Information & Design

Designing for humans

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Walkthroughs are a cost-effective technique for testing a user interface. There are several variations - this document describes a simple paper-based technique.

When are walkthroughs appropriate?

Use walkthroughs to get early validation of design decisions, and to get feedback from several people at once. Walkthroughs are particularly effective for testing gross navigation. You can also conduct walkthroughs if you do not have the resources for formal usability testing.

A significant weakness of paper-based walkthroughs is the fact that they do not show interactive behaviour (such as button-presses). Walkthroughs can include an interactive screen-based presentation to overcome this.

How is a walkthrough conducted?

Each participant is given a booklet containing tasks and screens. Screens are presented one at a time, and participants are asked to specify the actions they would expect to take on each screen (for example, entering data, clicking a button or hyperlink).

Participants are encouraged to write on the booklet. After each screen is presented, the group as a whole is asked to comment on any issues with the screen, and what elements did and did not work. It is important to log these comments, as participants may not be clear in their written comments.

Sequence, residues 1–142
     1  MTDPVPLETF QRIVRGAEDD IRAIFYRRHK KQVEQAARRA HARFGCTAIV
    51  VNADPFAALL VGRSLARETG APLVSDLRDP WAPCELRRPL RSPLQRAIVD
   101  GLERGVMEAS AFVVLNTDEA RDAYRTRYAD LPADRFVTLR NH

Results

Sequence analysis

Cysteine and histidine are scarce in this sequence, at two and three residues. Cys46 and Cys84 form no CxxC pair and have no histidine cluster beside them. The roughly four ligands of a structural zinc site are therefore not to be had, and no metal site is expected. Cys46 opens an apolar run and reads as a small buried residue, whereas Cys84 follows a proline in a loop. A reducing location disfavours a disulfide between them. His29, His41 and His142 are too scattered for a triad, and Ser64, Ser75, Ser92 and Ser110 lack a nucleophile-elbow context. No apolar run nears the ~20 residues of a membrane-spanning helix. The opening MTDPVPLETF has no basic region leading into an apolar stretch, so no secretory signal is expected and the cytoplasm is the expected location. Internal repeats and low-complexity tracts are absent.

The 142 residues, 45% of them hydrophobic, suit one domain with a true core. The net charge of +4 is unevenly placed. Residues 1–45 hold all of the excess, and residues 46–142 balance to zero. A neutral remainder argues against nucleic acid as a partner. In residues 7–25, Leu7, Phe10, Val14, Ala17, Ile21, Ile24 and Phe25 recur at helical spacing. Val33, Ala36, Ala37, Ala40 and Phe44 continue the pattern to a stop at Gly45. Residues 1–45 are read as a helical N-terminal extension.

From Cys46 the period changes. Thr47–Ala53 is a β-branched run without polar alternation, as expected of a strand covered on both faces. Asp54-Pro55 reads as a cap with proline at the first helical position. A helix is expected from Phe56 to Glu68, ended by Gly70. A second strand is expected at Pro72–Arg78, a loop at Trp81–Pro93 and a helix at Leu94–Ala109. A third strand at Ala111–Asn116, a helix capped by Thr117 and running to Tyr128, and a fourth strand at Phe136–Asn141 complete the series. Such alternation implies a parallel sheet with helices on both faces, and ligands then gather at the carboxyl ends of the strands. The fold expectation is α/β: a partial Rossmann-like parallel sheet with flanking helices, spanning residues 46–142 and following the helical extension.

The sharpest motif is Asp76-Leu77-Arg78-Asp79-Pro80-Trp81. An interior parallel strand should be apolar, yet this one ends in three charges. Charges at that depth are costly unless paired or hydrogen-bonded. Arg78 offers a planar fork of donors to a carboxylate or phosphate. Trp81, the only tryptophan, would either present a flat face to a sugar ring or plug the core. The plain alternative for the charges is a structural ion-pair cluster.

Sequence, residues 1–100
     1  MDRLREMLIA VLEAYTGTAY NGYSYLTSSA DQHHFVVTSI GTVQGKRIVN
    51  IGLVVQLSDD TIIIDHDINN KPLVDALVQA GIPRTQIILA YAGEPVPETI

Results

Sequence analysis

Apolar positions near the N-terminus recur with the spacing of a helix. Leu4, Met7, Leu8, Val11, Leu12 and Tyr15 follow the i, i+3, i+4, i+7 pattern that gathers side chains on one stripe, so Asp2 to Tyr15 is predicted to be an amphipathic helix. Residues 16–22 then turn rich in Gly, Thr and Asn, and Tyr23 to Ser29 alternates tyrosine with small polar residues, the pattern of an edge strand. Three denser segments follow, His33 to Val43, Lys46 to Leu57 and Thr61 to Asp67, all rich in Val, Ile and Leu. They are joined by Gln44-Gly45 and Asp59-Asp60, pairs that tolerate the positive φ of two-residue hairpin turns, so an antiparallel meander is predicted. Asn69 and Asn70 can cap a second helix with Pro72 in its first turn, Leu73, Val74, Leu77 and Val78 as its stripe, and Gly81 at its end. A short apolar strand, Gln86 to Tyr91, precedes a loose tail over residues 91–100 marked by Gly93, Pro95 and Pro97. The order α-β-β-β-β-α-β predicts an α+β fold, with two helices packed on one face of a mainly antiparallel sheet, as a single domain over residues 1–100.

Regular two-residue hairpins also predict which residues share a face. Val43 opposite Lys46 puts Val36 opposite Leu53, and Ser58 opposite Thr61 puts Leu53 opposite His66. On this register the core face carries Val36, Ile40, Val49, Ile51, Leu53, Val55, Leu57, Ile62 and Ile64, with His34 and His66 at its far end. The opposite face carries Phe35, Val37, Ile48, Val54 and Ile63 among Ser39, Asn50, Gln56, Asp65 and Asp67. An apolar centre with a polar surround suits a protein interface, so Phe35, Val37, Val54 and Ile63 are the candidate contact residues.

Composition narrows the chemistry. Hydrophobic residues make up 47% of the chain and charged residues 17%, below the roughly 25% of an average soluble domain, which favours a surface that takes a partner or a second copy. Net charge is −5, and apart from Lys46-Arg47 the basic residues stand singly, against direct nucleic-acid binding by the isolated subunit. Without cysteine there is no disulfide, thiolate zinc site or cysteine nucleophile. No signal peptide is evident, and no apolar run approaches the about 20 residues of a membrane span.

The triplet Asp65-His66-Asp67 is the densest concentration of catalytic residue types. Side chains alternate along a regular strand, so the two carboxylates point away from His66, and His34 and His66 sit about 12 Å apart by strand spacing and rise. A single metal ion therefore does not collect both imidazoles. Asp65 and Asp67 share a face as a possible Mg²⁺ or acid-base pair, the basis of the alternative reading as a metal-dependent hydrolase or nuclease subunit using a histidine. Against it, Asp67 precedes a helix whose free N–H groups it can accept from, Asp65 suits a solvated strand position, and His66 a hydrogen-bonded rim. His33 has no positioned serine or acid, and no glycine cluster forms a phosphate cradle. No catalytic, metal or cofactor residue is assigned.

After each screen, participants are told what action the hypothetical user has taken, and the next screen in the sequence is presented.

The walkthrough continues until all screens and tasks have been completed.

At the end of the session, it is appropriate to administer a questionnaire to confirm that the participants fit the demographic profile required, and to get subjective feedback and comments.

A typical walkthrough session with four tasks lasts for 2 hours.

Preparing for a walkthrough

The tasks to be completed should be based on the scenarios used during the design process, and should be representative of the tasks the interface is designed to support. It is important to exercise as many elements of the interface as possible. If there are any elements of the user interface that you suspect may be troublesome, make sure the tasks use those elements.

Tasks should be worded in a simple and straightforward fashion, and should not describe any aspects of screen interactions.

Each task should be printed on a page of its own in a large font. Consider a different colour paper for the tasks so that participants can easily refer back to them. Using an overhead projector to display the tasks makes it easier for people to remain focused on the current activity.

Participants should be representative users, although the ability to have many participants provides the opportunity to have other stakeholders participate.

Ensure that screens contain appropriate data. For example, if a screen would contain a customer name, make sure that this appears on the relevant screen in the booklet.

It is critical to conduct a pilot session to uncover missing steps or data, and to identify unclear instructions or questions.

Use large format paper (such as A3) in landscape orientation.